How lucky we are to see so many turkeys around our house.  they are fascinating to watch and delightful to listen to.

Friday, August 12, 2011

Fridays are Golden

One of the best things about having more than one dog is the pleasure of watching them play together.  Our dogs play in the den, but they really love to play outside.  When they are taken off leash the first thing they do is have a little wrestling match.  No one wins or loses and no one is ever injured.  The wrestling match ends as quickly as it began.  Then the girls will run free at breakneck speed.  Here they are in action:

First thing...we need our leashes off please.

The match is over.  Just look at those smiles.

Moving forward in these troubled times, we need to be mindful of the needs of others.  As Mother Teresa so wisely said:
Let no one ever come to you without leaving better and happier.

Let's all try to make others feel better and happier.  And I'm sure we will also feel better and happier for having done so.


Wednesday, August 10, 2011

Close off the Streets and Dance!

Many mountain towns have street dances primarily to entertain the tourists and encourage them to shop downtown in the evenings.  They are usually Fridays and Saturdays...a peak time for tourists.

Brevard has street dances and while tourists are certainly welcome, the participants are primarily year-round residents.  Some of the people are really dressed up while others are more casual.  Our street dancing is held on Tuesday evenings.  Many people come to dance and others bring their chairs to enjoy the music and watch.  Young and old, folks just grab a partner and wait for the music to begin.

The two people with the blue tee shirts at the center of the picture are volunteers who will teach the square dance steps to anyone who needs a little help.  You have to love the variation in age.  Folks in their "senior" years dancing right alongside much younger folks.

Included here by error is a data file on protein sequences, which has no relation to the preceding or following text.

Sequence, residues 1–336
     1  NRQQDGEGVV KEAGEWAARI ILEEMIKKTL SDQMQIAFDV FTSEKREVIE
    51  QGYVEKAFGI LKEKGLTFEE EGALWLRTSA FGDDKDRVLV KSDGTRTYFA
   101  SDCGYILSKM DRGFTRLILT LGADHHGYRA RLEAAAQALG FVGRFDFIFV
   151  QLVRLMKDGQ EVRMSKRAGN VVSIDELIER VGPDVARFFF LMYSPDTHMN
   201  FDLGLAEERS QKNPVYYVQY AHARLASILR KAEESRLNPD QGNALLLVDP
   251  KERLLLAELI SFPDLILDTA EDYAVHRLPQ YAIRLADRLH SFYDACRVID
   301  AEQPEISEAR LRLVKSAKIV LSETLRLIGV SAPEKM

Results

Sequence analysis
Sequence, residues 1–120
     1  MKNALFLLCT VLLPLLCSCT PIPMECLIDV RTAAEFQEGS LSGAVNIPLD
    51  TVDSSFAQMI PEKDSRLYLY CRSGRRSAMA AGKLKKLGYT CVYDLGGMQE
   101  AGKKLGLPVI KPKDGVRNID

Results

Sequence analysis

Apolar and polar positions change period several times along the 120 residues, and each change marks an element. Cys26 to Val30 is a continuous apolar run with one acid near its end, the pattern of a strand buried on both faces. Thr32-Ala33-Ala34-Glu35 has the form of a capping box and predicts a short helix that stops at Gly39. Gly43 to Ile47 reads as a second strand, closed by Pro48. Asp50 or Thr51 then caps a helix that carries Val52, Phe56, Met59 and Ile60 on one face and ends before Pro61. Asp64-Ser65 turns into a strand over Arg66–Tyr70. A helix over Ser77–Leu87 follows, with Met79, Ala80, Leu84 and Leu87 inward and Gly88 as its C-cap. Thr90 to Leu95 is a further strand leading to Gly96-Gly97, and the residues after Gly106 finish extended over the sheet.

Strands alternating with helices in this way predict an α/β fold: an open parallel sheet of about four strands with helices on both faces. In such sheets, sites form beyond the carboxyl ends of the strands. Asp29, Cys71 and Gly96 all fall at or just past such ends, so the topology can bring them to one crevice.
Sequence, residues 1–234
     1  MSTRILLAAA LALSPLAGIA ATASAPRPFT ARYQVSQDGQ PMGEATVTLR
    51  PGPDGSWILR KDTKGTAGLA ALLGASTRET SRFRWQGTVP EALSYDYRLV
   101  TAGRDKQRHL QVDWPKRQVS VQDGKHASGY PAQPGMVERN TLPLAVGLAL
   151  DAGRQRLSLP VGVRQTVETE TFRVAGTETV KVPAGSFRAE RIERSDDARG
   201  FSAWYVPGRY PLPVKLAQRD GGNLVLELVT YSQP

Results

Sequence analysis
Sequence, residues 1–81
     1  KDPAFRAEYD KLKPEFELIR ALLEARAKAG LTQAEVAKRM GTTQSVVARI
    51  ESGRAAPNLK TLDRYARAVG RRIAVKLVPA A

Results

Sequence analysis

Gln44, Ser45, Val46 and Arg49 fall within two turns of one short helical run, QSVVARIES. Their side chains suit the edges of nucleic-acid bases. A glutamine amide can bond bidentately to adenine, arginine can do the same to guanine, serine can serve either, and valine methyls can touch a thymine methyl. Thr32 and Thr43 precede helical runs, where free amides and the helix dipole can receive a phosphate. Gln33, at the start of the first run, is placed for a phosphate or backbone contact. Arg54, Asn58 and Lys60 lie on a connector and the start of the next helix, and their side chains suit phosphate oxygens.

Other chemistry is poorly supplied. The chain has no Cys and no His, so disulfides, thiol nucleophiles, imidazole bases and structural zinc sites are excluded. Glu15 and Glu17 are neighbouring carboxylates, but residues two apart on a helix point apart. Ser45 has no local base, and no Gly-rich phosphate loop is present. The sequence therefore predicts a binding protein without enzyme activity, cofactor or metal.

The children make their own little group.

The bluegrass band and square dance caller.  They have a jug for donations, the only pay they receive.

Winding up that ball of twine gets a little confusing, especially for the children.

This little sweetie saw my camera and yelled, "Me next.  Me next."  She was delighted to see herself in the digital display and and yelled to her Granpa to come and look.

Main street is blocked off at the Courthouse Square in the center of town.  No, the camera is not at an angle.  The streets are hilly in the mountains.

This little girl really put her heart and soul into the dancing.  And yes, all the children in the mountains are above average and have curly hair.

This old geezer  older gentleman was eating, drinking sweet tea, smoking cigarettes and occasionally watching the dancers.  He was short of breath so in between smokes, he put on his nasal canula for his oxygen.  He had a beautifully carved walking stick on the table.  I don't know if the man across the table from him is a relative or a caretaker.  I didn't dare try to get a better photograph.  Something about the older gentleman's behavior made me feel he wouldn't like it very much.

The street dancing will end all too soon as summer wanes.  Our public schools will start next Monday.  Who knows where the time goes?  In Brevard we have danced the summer away.

Monday, August 8, 2011


The alarms rang VERY loudly all over the house.  The dogs were frantic about the shrill high-pitched sound.

Our smoke detectors are wired together so that if one goes off it automatically triggers all of the other alarms.  Last Thursday morning we were getting ready to drive to the Biltmore Estate to view their current Tiffany exhibit.  The smoke detectors all alarmed.  I hurried all over the house to see if I could smell any smoke.  I found nothing and the alarms silenced as quickly as they had begun.  By checking all the warning lights, my husband could determine that it was the master bedroom alarm that started the alert.